we no longer have to remind them of of, those suggested in the following: Write,” Music Educators Journal 93,
Gordon, Learning Sequences in Music; no. 1 (September 2006): 46–52.
their fingerings and key signatures.
Eric Bluestine, Ways Children Learn   9. Schleuter, A Sound Approach to Teaching
When students feel the pulse and its Music: An Introduction and Practical Instrumentalists.
division, the cognitive task of recogniz- Guide to Music Learning Theory, 2nd
ing notation becomes that much easier. 10. Campbell and Scott-Kassner, Music in
ed. (Chicago: GIA Publications, 2000);
When students create melodies in their Richard E. Grunow, Edwin E. Gordon,
heads and realize them on their instru- and Christopher A. Azzara, Jump Right 11. See Donald J. Running, “Creativity
ments, they become independently In: The Instrumental Series Teacher’s Research in Music Education: A Review
Guide, 2 ed. (Chicago: GIA, 2001); (1980–2005),” Update: Applications of
functioning artists. As students develop
S. L. Schleuter, A Sound Approach Research in Music Education 27, no. 1
their abilities in each area of the Big 5, to Teaching Instrumentalists: An (November 2008): 41–48.
they get that much closer to becoming Application of Content and Learning 12. C. Azzara, “Audiation-Based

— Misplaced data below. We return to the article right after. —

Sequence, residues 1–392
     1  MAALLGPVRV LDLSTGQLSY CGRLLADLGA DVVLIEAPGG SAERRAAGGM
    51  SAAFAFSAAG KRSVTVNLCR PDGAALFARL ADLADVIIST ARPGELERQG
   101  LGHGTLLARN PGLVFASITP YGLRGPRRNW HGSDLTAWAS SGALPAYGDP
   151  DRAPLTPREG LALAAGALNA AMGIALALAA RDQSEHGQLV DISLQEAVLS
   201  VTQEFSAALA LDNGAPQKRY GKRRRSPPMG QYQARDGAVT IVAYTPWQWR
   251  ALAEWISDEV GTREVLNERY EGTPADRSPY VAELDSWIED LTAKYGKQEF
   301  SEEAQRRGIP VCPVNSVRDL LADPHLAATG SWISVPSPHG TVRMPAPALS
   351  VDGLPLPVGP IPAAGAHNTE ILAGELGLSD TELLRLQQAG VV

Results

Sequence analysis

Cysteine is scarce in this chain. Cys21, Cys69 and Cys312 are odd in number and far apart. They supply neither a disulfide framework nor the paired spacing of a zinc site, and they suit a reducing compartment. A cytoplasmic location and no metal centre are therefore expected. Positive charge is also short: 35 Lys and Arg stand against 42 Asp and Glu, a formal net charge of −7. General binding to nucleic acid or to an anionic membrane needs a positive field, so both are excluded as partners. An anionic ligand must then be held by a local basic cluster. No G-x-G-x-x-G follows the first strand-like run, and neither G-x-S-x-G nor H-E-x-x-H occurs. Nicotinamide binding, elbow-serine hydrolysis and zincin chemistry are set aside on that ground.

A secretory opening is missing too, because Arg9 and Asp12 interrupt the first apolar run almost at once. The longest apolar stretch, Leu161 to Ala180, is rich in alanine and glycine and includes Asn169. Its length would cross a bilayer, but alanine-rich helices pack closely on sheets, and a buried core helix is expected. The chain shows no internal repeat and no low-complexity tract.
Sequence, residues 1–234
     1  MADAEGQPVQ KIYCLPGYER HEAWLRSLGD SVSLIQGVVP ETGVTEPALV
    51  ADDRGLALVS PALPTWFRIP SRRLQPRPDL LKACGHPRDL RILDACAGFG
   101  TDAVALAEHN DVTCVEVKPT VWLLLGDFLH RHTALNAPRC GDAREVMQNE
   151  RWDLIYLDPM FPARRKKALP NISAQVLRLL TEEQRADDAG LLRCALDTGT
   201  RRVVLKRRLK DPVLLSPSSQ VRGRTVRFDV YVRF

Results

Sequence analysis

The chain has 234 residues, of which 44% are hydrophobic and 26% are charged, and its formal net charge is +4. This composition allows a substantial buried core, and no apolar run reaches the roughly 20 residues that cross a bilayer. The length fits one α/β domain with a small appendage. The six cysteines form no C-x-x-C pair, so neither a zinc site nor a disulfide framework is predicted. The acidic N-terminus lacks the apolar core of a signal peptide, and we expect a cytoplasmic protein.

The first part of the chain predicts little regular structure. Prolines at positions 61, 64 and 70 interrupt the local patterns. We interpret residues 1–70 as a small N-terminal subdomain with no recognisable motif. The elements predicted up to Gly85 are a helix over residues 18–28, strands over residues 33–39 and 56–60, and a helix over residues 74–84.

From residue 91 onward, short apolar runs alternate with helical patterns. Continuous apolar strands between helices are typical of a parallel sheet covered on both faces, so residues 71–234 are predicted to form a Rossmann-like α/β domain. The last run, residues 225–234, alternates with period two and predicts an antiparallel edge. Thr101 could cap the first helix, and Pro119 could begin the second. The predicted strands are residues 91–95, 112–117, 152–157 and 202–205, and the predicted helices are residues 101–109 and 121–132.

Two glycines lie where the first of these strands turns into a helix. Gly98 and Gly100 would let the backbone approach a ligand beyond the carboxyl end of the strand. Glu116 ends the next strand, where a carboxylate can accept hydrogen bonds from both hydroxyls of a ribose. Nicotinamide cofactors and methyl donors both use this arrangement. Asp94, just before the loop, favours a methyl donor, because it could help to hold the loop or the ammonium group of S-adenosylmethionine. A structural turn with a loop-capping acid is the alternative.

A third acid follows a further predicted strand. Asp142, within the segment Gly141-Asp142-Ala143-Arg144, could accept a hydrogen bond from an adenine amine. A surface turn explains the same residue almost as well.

comprehensive musicians. Sequences, 2nd ed. (New York: Improvisation Techniques and
Schirmer Books, 1996); and C. Azzara Elementary Instrumental Students’
and Richard E. Grunow, Developing
Notes Musicianship through Improvisation
Music Achievement,” Journal of
Research in Music Education 41, no. 4
  1. Edwin E. Gordon, Learning Sequences in (Chicago, IL: GIA, 2006). (December 1993): 328–42.
Music: A Contemporary Music Learning   5. Patricia Shehan Campbell and Carol 13. See Azzara and Grunow,
Theory (Chicago, IL: GIA, 2007). Scott-Kassner, Music in Childhood: From Developing Musicianship through
  2. Edwin E. Gordon, Introduction to Preschool through the Elementary Grades Improvisation.
Research and the Psychology of Music (Boston, MA: Schirmer, 2010).
14. C. M. Conway, “Good Rhythm and
(Chicago: GIA, 1998).   6. Rudolf Laban, Mastery of Movement Intonation from Day One in Beginning
  3. Bruce Dalby, “Teaching Audiation (London: MacDonald and Evans, Instrumental Music,” Music Educators
in Instrumental Classes,” Music 1971). Journal 89, no. 5 (May 2003): 26–31.